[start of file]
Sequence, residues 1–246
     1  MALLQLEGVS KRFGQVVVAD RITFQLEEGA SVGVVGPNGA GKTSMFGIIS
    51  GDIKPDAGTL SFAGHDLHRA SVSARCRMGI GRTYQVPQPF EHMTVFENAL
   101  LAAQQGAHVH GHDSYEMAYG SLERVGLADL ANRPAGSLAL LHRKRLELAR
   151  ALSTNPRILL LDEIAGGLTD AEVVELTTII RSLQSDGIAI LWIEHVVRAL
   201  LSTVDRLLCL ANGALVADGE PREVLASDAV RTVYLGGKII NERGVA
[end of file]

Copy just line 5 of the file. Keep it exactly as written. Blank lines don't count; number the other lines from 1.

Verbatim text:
   151  ALSTNPRILL LDEIAGGLTD AEVVELTTII RSLQSDGIAI LWIEHVVRAL